Using Redis as an LRU cache
When Redis is used as a cache, often it is handy to let it automatically evict（淘汰） old data as you add new one.
This behavior is very well known in the community of developers, since it is the default behavior of the popular memcached system.
LRU is actually only one of the supported eviction methods.
This page covers the more general topic of the Redis maxmemory directive that is used in order to limit the memory usage to a fixed amount, and it also covers in depth the LRU algorithm used by Redis, that is actually an approximation（近似） of the exact LRU.
Starting with Redis version 4.0, a new LFU (Least Frequently Used) eviction policy was introduced.
This is covered in a separated section of this documentation.
Maxmemory configuration directive
The maxmemory configuration directive is used in order to configure Redis to use a specified amount of memory for the data set.
It is possible to set the configuration directive using the
redis.conf file, or later using the
CONFIG SET command at runtime.
For example in order to configure a memory limit of 100 megabytes（100M）, the following directive can be used inside the redis.conf file.
maxmemory to zero results into no memory limits.
This is the default behavior for 64 bit systems, while 32 bit systems use an implicit（含蓄，默认） memory limit of 3GB.
ps: 64 位操作系统。设置为 0 代表为无限制，这也非常有趣。==！
When the specified amount of memory is reached, it is possible to select among different behaviors, called policies.
Redis can just return errors for commands that could result in more memory being used, or it can evict some old data in order to return back to the specified limit every time new data is added.
The exact behavior Redis follows when the maxmemory limit is reached is configured using the maxmemory-policy configuration directive.
The following policies are available:
noeviction: return errors when the memory limit was reached and the client is trying to execute commands that could result in more memory to be used (most write commands, but DEL and a few more exceptions).
allkeys-lru: evict keys by trying to remove the less recently used (LRU) keys first, in order to make space for the new data added.
volatile-lru: evict keys by trying to remove the less recently used (LRU) keys first, but only among keys that have an expire set, in order to make space for the new data added.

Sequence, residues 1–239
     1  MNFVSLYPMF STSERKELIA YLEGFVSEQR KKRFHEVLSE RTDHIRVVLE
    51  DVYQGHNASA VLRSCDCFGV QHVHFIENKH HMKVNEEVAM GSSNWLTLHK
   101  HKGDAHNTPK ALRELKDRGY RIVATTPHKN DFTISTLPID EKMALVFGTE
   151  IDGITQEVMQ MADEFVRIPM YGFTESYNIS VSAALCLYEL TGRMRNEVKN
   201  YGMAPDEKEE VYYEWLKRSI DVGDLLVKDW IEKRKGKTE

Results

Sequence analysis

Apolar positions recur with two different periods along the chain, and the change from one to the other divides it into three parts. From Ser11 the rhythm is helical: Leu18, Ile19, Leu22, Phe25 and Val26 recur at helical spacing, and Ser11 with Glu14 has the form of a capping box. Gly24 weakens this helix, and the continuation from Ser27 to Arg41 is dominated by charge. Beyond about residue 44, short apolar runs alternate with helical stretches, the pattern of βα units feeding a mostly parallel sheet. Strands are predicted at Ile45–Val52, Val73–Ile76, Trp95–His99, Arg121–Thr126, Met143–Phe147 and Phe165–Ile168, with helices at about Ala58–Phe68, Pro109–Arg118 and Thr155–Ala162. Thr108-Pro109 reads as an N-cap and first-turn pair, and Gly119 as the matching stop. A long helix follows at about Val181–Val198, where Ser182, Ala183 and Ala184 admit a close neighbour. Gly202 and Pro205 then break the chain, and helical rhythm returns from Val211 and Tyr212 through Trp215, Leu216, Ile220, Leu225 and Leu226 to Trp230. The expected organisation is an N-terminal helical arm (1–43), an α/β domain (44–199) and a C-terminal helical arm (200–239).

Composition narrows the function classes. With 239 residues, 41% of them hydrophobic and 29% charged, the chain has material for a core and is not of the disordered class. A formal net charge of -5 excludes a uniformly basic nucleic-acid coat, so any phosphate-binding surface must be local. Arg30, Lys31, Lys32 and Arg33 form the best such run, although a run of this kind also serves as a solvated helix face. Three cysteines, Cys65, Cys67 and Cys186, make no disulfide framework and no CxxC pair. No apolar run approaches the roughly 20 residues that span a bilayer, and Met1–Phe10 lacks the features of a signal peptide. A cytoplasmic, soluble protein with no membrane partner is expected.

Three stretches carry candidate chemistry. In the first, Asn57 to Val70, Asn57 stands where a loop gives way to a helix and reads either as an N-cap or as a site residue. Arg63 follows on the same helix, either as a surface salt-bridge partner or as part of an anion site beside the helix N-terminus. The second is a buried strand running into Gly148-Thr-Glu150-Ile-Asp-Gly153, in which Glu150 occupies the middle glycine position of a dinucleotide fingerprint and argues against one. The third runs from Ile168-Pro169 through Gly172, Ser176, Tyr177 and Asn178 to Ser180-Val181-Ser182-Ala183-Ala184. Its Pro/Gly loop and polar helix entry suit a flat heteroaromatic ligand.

allkeys-random: evict keys randomly in order to make space for the new data added.
volatile-random: evict keys randomly in order to make space for the new data added, but only evict keys with an expire set.
volatile-ttl: evict keys with an expire set, and try to evict keys with a shorter time to live (TTL) first, in order to make space for the new data added.
The policies volatile-lru, volatile-random and volatile-ttl behave like noeviction（不进行淘汰） if there are no keys to evict matching the prerequisites（先决条件）.
To pick the right eviction policy is important depending on the access pattern of your application, however you can reconfigure the policy at runtime while the application is running, and monitor the number of cache misses and hits using the Redis INFO output in order to tune your setup.
作者对淘汰的范围进行了细分，变为是否有 expire 的，这也是一种比较不错的区分手段。
In general as a rule of thumb（经验）:
Use the allkeys-lru policy when you expect a power-law distribution in the popularity of your requests, that is, you expect that a subset of elements will be accessed far more often than the rest.
This is a good pick if you are unsure.
Use the allkeys-random if you have a cyclic access where all the keys are scanned continuously, or when you expect the distribution to be uniform（均匀） (all elements likely accessed with the same probability).
Use the volatile-ttl if you want to be able to provide hints to Redis about what are good candidate（候选人） for expiration by using different TTL values when you create your cache objects.
The volatile-lru and volatile-random policies are mainly useful when you want to use a single instance for both caching and to have a set of persistent keys.
However it is usually a better idea to run two Redis instances to solve such a problem.
It is also worth to note that setting an expire to a key costs memory, so using a policy like
allkeys-lru is more memory efficient since there is no need to set an expire for the key to be evicted under memory pressure.
allkeys-lru 其实是最好的，我们不用关心设置 expire 时间，也可以按需淘汰。
但是实际中，我们经常吧 redis 当做数据库使用。==
很多数据是强依赖 redis 的，所以很多信息是不能被淘汰的。即使较少使用。
实际使用中，应该对 redis 的内存有报警措施。而且内存给的应该足够多。（比如使用超过 70% 会触发报警）
How the eviction process works
It is important to understand that the eviction process works like this:
1）A client runs a new command, resulting in more data added.
2）Redis checks the memory usage, and if it is greater than the maxmemory limit , it evicts keys according to the policy.
3）A new command is executed, and so forth.
So we continuously cross the boundaries（边界） of the memory limit, by going over it, and then by evicting keys to return back under the limits.
If a command results in a lot of memory being used (like a big set intersection stored into a new key) for some time the memory limit can be surpassed（超越） by a noticeable amount.
Approximated（近似） LRU algorithm
Redis LRU algorithm is not an exact implementation.
This means that Redis is not able to pick the best candidate for eviction, that is, the access that was accessed the most in the past.
Instead it will try to run an approximation of the LRU algorithm, by sampling a small number of keys, and evicting the one that is the best (with the oldest access time) among the sampled keys.
However since Redis 3.0 the algorithm was improved to also take a pool of good candidates for eviction.
This improved the performance of the algorithm, making it able to approximate more closely the behavior of a real LRU algorithm.
What is important about the Redis LRU algorithm is that you are able to tune（可以调整） the precision of the algorithm by changing the number of samples to check for every eviction.
This parameter is controlled by the following configuration directive: